Last legislative session saw progress in efforts to make mental health care more accessible to Georgians. More recently, federal rollout of 988, a new emergency line for mental health emergencies, promises to help Georgians.

The panel: 

Judy Fitzgerald, Commissioner, Georgia Department of Behavioral Health and Developmental Disabilities

Monica Johnson, director, Division of Behavioral Health

Riley Bunch, @ribunchreports, public policy reporter, GPB News

Tamar Hallerman, @TamarHallerman, senior reporter, The Atlanta Journal-Constitution 


The breakdown: 

1. Bipartisan mental health bill seeks to improve Georgia's ranking on the issue.

Judy Fitzgerald says mental health services are never going back in Georgia.


2. Importance of the 988 crisis line in Georgia. 

Monica Johnson talks about how important 988 is for those who don't need law enforcement to respond to a mental health crisis.

3. Georgia faces challenges in recruiting mental health care professionals. 

  • HB 1013 authorizes loan forgiveness for people studying to become mental health professionals.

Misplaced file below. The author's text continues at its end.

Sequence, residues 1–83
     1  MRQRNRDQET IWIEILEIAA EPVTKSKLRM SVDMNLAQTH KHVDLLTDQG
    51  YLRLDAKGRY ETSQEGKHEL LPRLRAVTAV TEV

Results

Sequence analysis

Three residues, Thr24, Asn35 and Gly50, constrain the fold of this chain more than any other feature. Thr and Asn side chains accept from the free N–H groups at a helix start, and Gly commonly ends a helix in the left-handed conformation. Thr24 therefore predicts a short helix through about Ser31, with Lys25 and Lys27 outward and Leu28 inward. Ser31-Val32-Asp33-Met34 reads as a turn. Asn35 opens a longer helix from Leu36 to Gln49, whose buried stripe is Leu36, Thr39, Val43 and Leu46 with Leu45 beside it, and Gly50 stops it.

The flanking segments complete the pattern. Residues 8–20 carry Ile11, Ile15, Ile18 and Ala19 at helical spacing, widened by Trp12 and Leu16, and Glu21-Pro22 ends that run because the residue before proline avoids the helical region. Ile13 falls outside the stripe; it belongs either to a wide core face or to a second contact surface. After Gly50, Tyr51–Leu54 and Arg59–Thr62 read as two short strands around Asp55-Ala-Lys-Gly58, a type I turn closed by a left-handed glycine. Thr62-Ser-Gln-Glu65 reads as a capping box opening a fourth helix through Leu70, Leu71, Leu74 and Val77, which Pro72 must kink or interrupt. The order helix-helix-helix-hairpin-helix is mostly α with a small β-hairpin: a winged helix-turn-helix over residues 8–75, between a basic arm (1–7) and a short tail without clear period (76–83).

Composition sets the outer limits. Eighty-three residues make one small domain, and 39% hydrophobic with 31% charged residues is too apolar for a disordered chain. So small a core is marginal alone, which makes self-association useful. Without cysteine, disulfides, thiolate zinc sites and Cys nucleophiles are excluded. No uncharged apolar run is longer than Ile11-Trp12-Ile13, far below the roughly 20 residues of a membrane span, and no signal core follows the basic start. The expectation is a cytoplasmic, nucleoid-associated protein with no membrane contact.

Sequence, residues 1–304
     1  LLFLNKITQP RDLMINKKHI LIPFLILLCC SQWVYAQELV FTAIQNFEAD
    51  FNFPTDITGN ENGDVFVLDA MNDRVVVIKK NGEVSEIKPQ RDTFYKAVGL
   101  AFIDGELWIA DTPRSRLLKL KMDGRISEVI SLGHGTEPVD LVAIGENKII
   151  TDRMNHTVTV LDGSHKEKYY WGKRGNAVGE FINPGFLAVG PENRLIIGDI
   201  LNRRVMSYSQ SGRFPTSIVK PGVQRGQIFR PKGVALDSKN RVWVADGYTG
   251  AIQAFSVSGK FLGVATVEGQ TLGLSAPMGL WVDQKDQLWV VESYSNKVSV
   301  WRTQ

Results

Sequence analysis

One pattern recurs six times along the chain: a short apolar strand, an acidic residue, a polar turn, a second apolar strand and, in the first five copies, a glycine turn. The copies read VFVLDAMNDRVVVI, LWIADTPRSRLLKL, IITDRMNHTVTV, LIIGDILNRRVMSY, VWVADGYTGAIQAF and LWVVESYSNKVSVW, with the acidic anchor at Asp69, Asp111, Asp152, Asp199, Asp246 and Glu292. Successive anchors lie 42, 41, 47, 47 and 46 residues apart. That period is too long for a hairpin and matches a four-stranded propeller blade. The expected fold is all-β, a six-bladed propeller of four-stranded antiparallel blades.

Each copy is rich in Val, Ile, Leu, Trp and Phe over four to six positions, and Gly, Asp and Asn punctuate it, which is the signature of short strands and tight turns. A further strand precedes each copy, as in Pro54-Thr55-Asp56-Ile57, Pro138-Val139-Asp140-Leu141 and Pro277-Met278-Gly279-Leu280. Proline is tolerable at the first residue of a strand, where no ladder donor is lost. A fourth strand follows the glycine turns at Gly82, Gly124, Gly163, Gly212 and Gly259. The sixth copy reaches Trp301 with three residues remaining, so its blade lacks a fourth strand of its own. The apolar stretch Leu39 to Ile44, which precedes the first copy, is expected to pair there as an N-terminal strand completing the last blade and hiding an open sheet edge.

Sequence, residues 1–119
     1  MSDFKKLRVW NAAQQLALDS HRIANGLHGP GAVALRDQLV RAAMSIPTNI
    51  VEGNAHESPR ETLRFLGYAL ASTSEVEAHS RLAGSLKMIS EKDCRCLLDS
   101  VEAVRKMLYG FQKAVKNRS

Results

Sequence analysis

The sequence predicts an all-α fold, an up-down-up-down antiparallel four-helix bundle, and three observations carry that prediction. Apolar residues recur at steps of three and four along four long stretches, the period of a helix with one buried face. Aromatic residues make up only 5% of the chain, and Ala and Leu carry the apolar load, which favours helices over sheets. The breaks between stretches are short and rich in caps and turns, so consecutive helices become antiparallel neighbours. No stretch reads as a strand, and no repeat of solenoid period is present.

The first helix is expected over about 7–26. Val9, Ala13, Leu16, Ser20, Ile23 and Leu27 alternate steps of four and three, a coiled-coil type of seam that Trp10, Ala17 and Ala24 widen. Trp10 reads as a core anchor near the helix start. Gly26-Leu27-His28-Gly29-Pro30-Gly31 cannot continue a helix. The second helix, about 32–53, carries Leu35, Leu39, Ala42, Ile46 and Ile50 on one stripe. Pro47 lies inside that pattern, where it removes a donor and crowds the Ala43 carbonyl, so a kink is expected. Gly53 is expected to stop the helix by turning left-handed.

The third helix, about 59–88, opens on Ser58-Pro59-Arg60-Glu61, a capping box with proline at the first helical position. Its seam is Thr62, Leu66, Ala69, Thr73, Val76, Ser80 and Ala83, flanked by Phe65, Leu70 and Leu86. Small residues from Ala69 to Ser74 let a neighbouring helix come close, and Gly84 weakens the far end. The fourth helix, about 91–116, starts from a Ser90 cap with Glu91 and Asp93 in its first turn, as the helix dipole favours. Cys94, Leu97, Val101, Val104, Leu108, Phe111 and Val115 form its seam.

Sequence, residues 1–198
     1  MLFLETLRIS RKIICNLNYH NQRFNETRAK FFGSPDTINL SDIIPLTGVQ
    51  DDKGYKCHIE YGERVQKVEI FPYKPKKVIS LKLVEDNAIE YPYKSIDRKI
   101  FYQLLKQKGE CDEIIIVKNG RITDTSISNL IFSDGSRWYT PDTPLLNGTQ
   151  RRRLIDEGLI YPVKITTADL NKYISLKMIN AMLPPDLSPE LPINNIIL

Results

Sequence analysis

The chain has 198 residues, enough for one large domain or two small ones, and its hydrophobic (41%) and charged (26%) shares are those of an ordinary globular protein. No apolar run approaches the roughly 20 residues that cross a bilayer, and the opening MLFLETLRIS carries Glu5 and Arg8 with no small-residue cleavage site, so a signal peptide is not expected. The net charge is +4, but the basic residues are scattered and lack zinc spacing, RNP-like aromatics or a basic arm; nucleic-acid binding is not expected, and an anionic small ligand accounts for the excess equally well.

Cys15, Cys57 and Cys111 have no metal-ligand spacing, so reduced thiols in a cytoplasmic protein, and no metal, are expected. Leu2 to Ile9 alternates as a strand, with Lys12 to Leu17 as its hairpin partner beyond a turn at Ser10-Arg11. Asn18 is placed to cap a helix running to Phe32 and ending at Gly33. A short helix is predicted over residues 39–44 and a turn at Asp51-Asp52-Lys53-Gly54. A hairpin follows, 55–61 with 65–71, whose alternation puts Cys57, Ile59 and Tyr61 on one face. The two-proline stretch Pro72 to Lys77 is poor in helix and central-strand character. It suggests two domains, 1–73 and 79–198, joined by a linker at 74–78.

• Fitzgerald highlights Gov. Brian Kemp's $5,000 increase to state employees as a recruitment tool. 

Monica Johnson on how she was prepared for working in the mental health field.

4. Which communities need the most help fighting the stigmas around mental health? 

  • Rural suicides have increase 8.3% in Georgia, according to the latest data available.
  • Monica Johnson says suicides increased within Georgia's Black population by 10% between 2019 and 2020. 


5. Tamar Hallerman fills us in on U.S. Rep Jody Hice fighting a subpoena. 

  • The subpoena is from the Fulton County grand jury investigating whether former President Donald Trump and others illegally tried to interfere in the 2020 election in the state.

Tamar Hallerman on Hice's subpoena.


Wednesday on Political Rewind: The AJC's Greg Bluestein joins our Wednesday panel.